Then-Mayor Gavin Newsom cut the ribbon at the Bayview District Lowe’s on Nov. 4, 2010, “Thank you, Lowe’s, for following through on all your promises,” he said, flanked by African American Lowe’s employees in maroon aprons. “So far, you’re one of the good ones, and we want to keep saying that for years and years to come.” – Photo: Justin Sullivan, Getty Images
At the 2010 opening ceremony for the first Lowe’s store in San Francisco, Mayor Gavin Newsom spoke of Lowe’s commitment to help revitalize the Bayview Hunters Point community.

“Bayshore Boulevard has served as a vital home improvement commercial corridor in San Francisco for decades, and this new Lowe’s will foster the growth and revitalization of the neighborhood and boost our local economy,” said Newsom.

Reality hits

Right after the opening, things just started changing, claims Simpson. He says that the practice of firing African Americans was an ongoing situation.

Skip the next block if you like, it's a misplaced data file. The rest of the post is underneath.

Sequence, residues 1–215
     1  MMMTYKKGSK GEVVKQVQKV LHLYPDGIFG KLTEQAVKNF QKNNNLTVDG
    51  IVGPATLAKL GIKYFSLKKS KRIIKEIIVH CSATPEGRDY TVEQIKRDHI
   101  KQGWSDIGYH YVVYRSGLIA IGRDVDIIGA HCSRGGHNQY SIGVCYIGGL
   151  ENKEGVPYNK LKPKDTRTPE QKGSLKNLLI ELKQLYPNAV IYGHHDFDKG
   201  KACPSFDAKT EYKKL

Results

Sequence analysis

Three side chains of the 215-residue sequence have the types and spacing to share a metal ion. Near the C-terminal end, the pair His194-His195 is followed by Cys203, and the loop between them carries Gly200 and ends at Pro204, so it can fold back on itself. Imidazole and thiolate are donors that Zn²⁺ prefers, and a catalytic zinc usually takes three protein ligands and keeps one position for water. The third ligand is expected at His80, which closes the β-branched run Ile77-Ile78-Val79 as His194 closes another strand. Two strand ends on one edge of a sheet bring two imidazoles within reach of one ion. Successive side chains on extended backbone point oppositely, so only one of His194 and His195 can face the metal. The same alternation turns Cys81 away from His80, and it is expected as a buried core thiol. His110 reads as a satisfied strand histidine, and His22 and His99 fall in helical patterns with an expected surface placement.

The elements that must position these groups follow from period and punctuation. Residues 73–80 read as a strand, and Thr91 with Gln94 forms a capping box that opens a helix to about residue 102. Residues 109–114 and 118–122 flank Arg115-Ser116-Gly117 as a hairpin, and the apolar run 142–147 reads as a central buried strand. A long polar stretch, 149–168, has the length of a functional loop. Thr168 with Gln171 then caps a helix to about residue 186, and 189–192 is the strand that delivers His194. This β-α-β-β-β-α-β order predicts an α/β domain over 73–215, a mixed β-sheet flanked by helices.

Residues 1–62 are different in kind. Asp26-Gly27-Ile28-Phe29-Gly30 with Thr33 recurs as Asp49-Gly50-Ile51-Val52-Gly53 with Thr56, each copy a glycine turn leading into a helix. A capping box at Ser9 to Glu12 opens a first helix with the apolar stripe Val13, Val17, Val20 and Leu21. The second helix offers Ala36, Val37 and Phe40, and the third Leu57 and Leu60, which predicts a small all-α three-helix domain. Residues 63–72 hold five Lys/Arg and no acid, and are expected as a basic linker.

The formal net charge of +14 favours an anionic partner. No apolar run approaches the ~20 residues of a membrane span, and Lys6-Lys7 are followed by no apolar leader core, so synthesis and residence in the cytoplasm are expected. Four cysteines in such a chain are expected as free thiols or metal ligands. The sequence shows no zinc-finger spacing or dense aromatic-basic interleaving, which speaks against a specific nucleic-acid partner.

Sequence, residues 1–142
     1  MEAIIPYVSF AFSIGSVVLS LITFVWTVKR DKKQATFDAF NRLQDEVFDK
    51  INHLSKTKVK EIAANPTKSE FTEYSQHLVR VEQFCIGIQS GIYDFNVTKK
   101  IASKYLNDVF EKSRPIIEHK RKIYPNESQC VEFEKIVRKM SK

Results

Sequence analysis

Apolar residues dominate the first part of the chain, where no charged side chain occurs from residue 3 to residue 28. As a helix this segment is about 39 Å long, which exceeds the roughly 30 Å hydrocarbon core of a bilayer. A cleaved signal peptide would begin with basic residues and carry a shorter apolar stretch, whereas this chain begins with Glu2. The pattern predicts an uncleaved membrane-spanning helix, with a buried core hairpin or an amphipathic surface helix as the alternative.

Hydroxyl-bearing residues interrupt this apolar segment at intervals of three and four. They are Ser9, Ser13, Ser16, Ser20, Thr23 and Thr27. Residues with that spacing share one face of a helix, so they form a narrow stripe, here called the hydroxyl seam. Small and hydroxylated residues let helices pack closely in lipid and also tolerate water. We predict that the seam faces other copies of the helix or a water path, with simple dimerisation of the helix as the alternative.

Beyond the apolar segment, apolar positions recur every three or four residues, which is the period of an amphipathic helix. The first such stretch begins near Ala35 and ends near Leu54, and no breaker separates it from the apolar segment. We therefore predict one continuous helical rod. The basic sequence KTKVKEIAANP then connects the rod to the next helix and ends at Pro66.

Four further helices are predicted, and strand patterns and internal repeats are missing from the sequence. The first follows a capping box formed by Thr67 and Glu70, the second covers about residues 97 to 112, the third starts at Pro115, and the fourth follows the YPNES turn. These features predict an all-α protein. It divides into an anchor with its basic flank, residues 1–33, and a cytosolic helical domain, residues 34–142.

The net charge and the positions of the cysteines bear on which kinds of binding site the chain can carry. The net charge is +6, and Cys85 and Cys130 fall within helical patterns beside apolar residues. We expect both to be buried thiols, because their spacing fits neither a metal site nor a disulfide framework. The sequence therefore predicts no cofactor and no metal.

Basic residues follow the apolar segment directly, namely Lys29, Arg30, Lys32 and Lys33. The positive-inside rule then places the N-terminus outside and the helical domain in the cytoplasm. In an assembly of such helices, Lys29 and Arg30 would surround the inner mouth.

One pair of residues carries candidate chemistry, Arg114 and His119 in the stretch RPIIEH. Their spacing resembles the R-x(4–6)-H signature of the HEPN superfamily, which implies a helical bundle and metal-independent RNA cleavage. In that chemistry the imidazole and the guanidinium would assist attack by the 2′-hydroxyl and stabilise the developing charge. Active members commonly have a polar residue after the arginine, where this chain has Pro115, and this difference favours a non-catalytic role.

“The percentage seemed to be kind of balanced when the store opened,” says Simpson. “But shortly after, people started disappearing like flies. A lot of them were African American. Everybody who came to work there was in fear. It was like working on a plantation.”

Lowe’s is subject to the Fair Employment and Housing Act (FEHA) because it employs more than 500 employees and therefore can be sued if thought to be in violation.

“They can have 100 percent Black people, but you can’t fire people and replace them with white [new hires] … and make up a lie about their performance” as a means to get rid of them, said Alioto. “This really was using people to get what [Lowe’s] wanted.”

Not only were Blacks being fired without just cause, they were being subject to humiliation and harassment by management.